5. 5. International Journal Of Computational Engineering Research (ijceronline.com) Vol. 2 Issue. 5 Table 3 Scaling/Rating /Ranking of Alternatives Relative to decision factor F1 Alternatives Assignment of desirability Sum ACC A1 1 1 1 3 0.500 A2 0 0 1 1 0.167 A3 0 1 1 2 0.333 A4 (dummy) 0 0 0 0 0.000 Total 6 1.000 Table 4 Scaling/Rating /Ranking of Alternatives Relative to decision factor F2 Alternatives Assignment of desirability Sum ACC A1 0 0 1 1 0.167 A2 1 1 1 3 0.500 A3 1 0 1 2 0.333 A4 (dummy) 0 0 0 0 0.000 Total 6 1.000 Table 5 Scaling/Rating /Ranking of Alternatives Relative to decision factor F3 Alternatives Assignment of desirability Sum ACC A1 0 0 1 1 0.167 A2 1 1 1 3 0.500 A3 1 0 1 2 0.333 A4 (dummy) 0 0 0 0 0.000 Total 6 1.000 Table 6 Scaling/Rating /Ranking of Alternatives Relative to decision factor F4 Alternatives Assignment of desirability Sum ACC A1 1 1 1 3 0.500 A2 0 0 1 1 0.167 A3 0 1 1 2 0.333 A4 0 0 0 0 0.000 Total 6 1.000 Table 7 Scaling/Rating /Ranking of Alternatives Relative to decision factor F5 Alternatives Assignment of desirability Sum ACC A1 1 1 1 3 0.500 A2 0 0.5 1 1.5 0.250 A3 0 0.5 1 1.5 0250 A4 (dummy) 0 0 0 0 0.000 Total 6 1.000 Table 8 Scaling/Rating /Ranking of Alternatives Relative to decision factor F6 Alternatives Assignment of desirability Sum ACC A1 0 1 1 2 0.333 A2 1 1 1 3 0.500 A3 0 0 1 1 0.167 A4 (dummy) 0 0 0 0 0.000 Total 6 1.000Issn 2250-3005(online) September| 2012 Page 1369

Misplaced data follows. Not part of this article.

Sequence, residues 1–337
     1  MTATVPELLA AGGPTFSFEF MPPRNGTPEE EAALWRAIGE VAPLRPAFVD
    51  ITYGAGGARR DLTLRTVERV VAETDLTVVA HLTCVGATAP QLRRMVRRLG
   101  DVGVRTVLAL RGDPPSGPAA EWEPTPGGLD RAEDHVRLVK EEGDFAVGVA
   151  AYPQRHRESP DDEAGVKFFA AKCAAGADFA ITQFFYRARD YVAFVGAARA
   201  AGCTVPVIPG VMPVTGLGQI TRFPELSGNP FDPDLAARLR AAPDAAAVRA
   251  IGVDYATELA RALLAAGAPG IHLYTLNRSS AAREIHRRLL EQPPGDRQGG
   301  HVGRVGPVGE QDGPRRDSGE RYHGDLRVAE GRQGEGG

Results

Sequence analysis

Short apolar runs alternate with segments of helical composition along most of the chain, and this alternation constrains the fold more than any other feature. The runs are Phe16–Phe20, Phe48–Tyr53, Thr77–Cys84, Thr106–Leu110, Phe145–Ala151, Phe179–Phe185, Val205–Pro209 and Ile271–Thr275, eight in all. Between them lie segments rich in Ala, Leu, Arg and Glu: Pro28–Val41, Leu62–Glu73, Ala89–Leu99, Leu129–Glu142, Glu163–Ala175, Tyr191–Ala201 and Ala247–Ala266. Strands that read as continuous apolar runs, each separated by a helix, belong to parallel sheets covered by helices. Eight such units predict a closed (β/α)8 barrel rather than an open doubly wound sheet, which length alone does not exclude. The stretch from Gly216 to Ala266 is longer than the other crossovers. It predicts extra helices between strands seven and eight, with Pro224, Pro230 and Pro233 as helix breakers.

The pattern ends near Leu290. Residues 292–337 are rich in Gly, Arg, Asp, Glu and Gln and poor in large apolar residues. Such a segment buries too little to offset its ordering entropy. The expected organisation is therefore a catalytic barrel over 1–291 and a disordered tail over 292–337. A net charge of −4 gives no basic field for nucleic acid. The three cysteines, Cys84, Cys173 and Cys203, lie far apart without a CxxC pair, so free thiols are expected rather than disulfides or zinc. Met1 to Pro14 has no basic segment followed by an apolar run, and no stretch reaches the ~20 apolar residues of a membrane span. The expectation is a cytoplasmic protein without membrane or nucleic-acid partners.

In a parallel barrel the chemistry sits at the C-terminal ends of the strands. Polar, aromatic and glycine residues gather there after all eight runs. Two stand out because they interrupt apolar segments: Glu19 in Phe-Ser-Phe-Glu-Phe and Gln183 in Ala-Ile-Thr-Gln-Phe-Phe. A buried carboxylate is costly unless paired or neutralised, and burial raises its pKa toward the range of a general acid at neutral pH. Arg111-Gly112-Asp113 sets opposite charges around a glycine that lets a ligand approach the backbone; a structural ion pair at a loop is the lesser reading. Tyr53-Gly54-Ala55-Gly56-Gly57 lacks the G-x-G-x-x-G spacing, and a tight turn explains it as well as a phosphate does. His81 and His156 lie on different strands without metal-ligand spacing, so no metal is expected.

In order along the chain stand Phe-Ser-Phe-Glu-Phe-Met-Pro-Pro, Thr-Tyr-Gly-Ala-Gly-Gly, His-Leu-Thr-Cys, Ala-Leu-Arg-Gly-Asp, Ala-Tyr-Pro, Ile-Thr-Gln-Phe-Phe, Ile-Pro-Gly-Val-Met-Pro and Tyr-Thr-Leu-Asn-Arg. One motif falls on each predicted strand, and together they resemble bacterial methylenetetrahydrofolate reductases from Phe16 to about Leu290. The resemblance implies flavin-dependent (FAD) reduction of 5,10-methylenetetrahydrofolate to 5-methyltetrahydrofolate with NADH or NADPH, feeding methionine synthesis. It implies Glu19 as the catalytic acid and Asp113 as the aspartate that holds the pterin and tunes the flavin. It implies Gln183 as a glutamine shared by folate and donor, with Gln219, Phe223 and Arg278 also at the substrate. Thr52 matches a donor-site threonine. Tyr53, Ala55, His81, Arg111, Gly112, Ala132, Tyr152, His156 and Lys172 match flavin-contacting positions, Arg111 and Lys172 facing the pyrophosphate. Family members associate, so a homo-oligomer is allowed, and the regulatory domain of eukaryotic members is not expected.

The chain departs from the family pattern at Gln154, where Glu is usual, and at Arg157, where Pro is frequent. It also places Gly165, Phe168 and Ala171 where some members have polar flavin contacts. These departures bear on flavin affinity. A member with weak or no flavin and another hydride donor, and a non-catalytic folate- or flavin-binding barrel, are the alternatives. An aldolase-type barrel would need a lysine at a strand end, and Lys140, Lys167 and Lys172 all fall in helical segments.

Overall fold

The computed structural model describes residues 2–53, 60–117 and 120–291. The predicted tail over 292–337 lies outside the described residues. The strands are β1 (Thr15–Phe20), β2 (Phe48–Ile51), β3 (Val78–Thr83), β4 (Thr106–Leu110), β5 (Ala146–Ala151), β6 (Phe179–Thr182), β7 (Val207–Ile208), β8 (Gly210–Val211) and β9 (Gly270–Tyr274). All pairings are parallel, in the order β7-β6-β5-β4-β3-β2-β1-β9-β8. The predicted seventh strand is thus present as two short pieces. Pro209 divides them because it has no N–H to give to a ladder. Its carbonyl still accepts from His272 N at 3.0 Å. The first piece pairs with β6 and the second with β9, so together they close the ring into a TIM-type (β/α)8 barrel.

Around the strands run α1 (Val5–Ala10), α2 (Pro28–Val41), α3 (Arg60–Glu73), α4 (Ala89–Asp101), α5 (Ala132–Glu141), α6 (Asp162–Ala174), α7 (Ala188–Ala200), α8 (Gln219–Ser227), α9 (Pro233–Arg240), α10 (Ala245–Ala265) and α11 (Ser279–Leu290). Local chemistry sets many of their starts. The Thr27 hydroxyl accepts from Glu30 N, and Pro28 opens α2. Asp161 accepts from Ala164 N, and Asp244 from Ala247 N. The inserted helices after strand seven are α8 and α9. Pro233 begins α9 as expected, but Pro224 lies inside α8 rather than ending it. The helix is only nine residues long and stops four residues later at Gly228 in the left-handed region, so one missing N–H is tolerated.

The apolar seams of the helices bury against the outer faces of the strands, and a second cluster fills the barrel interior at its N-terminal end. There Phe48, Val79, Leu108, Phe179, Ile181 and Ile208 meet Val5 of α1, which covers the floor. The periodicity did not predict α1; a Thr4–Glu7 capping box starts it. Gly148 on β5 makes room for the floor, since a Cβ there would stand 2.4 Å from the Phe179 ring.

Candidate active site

6. 6. International Journal Of Computational Engineering Research (ijceronline.com) Vol. 2 Issue. 5 Table 9 Scaling/Rating /Ranking of Alternatives Relative to decision factor F7 Alternatives Assignment of desirability Sum ACC A1 1 1 1 3 0.500 A2 0 0 1 1 0.167 A3 0 1 1 2 0.333 A4 (dummy) 0 0 0 0 0.000 Total 6 1.000 Table 10 Scaling/Rating /Ranking of Alternatives Relative to decision factor F8 Alternatives Assignment of desirability Sum ACC A1 1 1 1 3 0.500 A2 0 0 1 1 0.167 A3 0 1 1 2 0.333 A4 (dummy) 0 0 0 0 0.000 Total 6 1.000 Table 11 FIC and ACC values for decision problem Decision factors FIC value ACC value A1 A2 A3 F1 0.139 0.500 0.167 0.333 F2 0.083 0.167 0.500 0.333 F3 0.06 0.167 0.500 0.333 F4 0.194 0.500 0.167 0.333 F5 0.208 0.500 0.250 0.250 F6 0.028 0.333 0.500 0.167 F7 0.181 0.500 0.167 0.333 F8 0.111 0.500 0.167 0.333 Table 12 Product matrix for decision problem Decision FIC x ACC factors A1 A2 A3 F1 0.070 0.023 0.046 F2 0.014 0.042 0.027 F3 0.010 0.030 0.020 F4 0.097 0.032 0.065 F5 0.104 0.052 0.052 F6 0.009 0.014 0.005 F7 0.091 0.030 0.060 F8 0.055 0.019 0.037 Total 0.449 0.242 0.3137. Conclusions Three alternatives projects based on the water sources available in the Naharlagun area in Arunachal Pradesh wereidentified. They are A1-Pachin river, A2-Dikrong river and A3-Niroch nallah. The most viable alternatives were evaluatedusing decision matrix methods based on a sustainability approach considering different factors. Unranked Paired ComparisonTechnique was used to assess the best possible alternatives projects. The project based on the Pachin river was found to havemore weightage as compared to the other two project sources. This method of comparisons provides a complete assessment ofthe project from all points of view.References[1] H.A.David. The method of Paired Comparison. London: Charles Griffin and Co., 1998.[2] S.K. Gark. Environmental Engineering Vol. I. Khanna Publishers, Delhi, 1977.[3] M. Lockwood. Integrated Value Assessment Using Paired Comparisons. Ecological Economic, 1998, 25, pp.73-87.[4] L.W.Canter. Environmental Impact Assessment. McGraw Hill Book Company, New York, 1977.[5] Central Public Health and Environmental Enguneering Organization. Manual on Water Supply and Treatement. Ministry of Urban Development, New Delhi, 199.Issn 2250-3005(online) September| 2012 Page 1370